Honestly, you're handling it all better than your mama! I've succumbed a bit to the stress. I've lost some patience. I've lost some sleep, despite the fact that you've been sleeping better than ever. I've been sucking down coffee like it's going out of style. As I write this, you're taking a (far earlier than normal, since I have that mustache to take care of) nap while I sip a cup of the chocolate raspberry coffee that your Grandma Laurel sent with us. Thank goodness I heard her offer it, because your father's reaction to chocolate raspberry coffee was "Ewwww, GROSS".

Your slightly shorter fuse these days is noticeable only to me and your father. Your tiny bit of extra clinginess is mistaken for extra snuggles and warmly welcomed. The only real problem, and yes, I'm going there, is that you've been a bit backed up. I think I've managed to avoid discussing your poop until just now. I think that makes this officially a "mommy blog" as of this moment. I won't go into much detail, except to say that you've had a rough go of it (HA HA HA!). I came home from the store yesterday armed with apple juice, prune juice, apricots, pears, and pureed prunes. You want nothing to do with any of it. You want your bananas and cheese, darn it!

Dear girl, if we're going to keep up your pleasant demeanor over the course of the next few chaotic days, we need to get things moving smoothly (HA HA HA!). Eat the prunes, sweetie. Eat the prunes. You'll be glad you did.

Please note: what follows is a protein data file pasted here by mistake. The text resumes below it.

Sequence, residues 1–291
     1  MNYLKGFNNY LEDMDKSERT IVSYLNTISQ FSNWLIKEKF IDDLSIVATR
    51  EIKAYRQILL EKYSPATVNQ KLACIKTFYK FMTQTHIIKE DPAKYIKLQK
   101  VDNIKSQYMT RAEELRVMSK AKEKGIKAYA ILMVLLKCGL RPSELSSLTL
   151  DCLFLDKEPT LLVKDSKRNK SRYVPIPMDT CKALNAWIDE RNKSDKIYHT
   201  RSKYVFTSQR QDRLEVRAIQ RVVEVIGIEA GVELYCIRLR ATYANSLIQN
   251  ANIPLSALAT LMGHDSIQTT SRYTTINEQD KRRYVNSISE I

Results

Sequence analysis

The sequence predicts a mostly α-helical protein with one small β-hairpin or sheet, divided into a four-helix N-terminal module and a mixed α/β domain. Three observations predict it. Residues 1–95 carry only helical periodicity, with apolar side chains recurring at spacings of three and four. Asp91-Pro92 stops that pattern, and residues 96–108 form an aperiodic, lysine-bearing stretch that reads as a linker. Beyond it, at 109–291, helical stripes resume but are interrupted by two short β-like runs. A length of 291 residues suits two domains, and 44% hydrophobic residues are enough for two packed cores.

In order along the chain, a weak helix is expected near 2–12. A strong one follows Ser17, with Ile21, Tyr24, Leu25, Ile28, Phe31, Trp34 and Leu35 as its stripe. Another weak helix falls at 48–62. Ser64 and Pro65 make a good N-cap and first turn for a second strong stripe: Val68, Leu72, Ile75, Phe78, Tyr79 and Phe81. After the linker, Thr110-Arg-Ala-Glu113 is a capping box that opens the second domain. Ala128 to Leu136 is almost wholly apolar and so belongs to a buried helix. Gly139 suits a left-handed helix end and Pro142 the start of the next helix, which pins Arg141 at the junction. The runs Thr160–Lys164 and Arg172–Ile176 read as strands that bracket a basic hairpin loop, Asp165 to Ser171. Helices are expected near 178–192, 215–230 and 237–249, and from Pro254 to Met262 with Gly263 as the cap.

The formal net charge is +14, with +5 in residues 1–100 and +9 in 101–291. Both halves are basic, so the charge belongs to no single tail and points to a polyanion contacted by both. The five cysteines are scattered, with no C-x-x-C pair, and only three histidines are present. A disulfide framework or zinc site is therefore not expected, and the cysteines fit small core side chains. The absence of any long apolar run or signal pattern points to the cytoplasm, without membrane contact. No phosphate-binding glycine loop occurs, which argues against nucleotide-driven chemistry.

If you like this blog, and haven't already done so, please vote for 'Dear Delilah, Fine and Fair' on Babble's" Top 50 Mom Blogs. Thanks for your support!

Monday, December 27, 2010

New Year's Resolutions from Outside the Box

Dear Delilah,

Each year, as the calendar turns from December to January, greeting a new year and leaving one behind, millions of people make "New Year's Resolutions". Typically, they resolve to improve themselves or their lives in some fashion. Popular themes for resolutions include health (losing weight, exercising more, drinking less, quitting smoking), finances (spending less, saving more, developing and/or sticking to a budget, changing careers), and organization (better time management, minimizing clutter, devising a filing system).

These are all worthy endeavors, and I could stand to commit to a few of them myself. Some of my own goals include losing the rest of what I can hardly continue to refer to as "baby weight" now that you are looking more and more like a toddler with each passing day, improving my horrible posture, and wasting less time on the Internet. (Note to self: Exercising more has the potential to contribute to achieving success in all three, while appeasing the multi-tasker in me!)